When most anglers think of mulloway, what usually comes to mind is a deep schooling fish, often relating to structure and using the slack tide to feed. What I'm about to tell you goes against most traditional mulloway luring techniques.
It's no secret that mulloway will feed up high in the water column during a good run of fresh down a river, capitalising on the copious amounts of bait being swept down in the murky surge. Indeed, anglers have known for years that this is a great time to pick a spot along breakwalls at river mouths and throw shallow-diving or even surface presentations to these fired-up silver slabs. The same can occur in a stiff swell around oceanic rocks.
As fantastic as this fishing can be, it's often short-lived, and the weather events that spur this kind of action can be few and far between. Furthermore, this kind of fishing isn't known to happen in every system that harbours mulloway.
In some areas, mulloway feed high in the water column and up shallow without the aid of infrequent weather events, but there are a few things to understand before taking on this caper. Let me tell you what I've learned in my local waters in South East Queensland.
There are certain ingredients you need if you're going to look for mulloway feeding near the surface. The first and foremost for me is that it has to be dark, and I find all my shallow and topwater mulloway have come at night time, or in the very wee hours of the morning.
The second is something that aggregates bait, which may take the form of mullet, herring, prawns, garfish and so on. Small fish and crustaceans are often attracted to light pools on the water at night, and these can be found around pontoons, bridges, walkways, restaurants, moored boats, and so on. Other things that aggregate bait might be a hot water outlet, creek mouth or culvert.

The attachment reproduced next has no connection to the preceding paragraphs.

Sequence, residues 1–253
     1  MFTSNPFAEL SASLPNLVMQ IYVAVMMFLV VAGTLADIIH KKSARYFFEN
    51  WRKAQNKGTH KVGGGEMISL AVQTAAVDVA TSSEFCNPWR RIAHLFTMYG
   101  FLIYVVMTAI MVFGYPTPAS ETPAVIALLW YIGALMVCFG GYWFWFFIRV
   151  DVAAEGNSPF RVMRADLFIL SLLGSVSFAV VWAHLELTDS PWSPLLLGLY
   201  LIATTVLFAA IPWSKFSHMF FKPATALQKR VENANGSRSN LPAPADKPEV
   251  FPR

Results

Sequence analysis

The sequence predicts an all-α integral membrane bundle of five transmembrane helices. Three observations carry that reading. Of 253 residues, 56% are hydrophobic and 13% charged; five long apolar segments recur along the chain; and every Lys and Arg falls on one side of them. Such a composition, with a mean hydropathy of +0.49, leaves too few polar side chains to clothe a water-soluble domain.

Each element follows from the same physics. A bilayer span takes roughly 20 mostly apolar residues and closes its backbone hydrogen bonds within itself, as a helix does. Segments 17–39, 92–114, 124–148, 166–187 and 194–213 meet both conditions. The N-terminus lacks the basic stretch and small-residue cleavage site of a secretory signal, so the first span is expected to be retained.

The third is current. I've noticed that bait will hang around light pools when there is no current, but quite often they're not being eaten. I have a theory that without current, there is no sense of urgency in the mulloways' mind. Add some current to that however, and that mindset quickly changes.
Now the bait is moving past - often quite quickly - and the mulloway has to make a decision, and this is when you can witness some fantastic boofing action. Bait will try to hold themselves under the light, but most of the time the current gradually pushes them through the beam of light and out of sight. It seems that no current is too strong, and most of the time, I won't even make a cast until I can see some movement in the water.
Most urbanised systems in SEQ and NSW will have lighted areas along their course, whether the light comes from a bridge, a pontoon or a moored boat, and it's here that you want to begin your search.
There are a few extra ingredients, which aren't always necessary, but they can accelerate your search. Certainly, if you find any of the following things in your local water, focus your attention toward them!
When looking for light, the most common we see is orange or white - the sort you see lighting our streets at night. Fishing around orange and white light has put me onto plenty of fish, but I will always favour blue light if I can find it. Blue light has a shorter wavelength than orange or white, and will penetrate further into water. Does more light mean more bait? Absolutely!
Another handy extra is structure. When the current is ripping past a light line, it can be tiring work for a mulloway if it has to hold itself in the current for the whole tidal phase. Anything that obstructs the current, be it a bridge pylon, moored boat or pontoon, will act as a resting station for the mulloway between mouthfuls of bait. Both behind and in front of anything blocking the current there is often slack water, and I've found dominant predators like mulloway like to sit in front of structure so they can get at the bait moving through first.
Something that aids mulloway when hunting around lighted areas is shadows. In most light pools, and particularly around bridges, there will often be shadows, where the light is blocked out by something overhead. In this scenario, mulloway will often sit in these shadows, using them as an ambush, and dash out when something enters the light pool. Bridges almost always have shadows, where the bridge structure itself prevents part of the light from reaching the water, creating one of these light lines.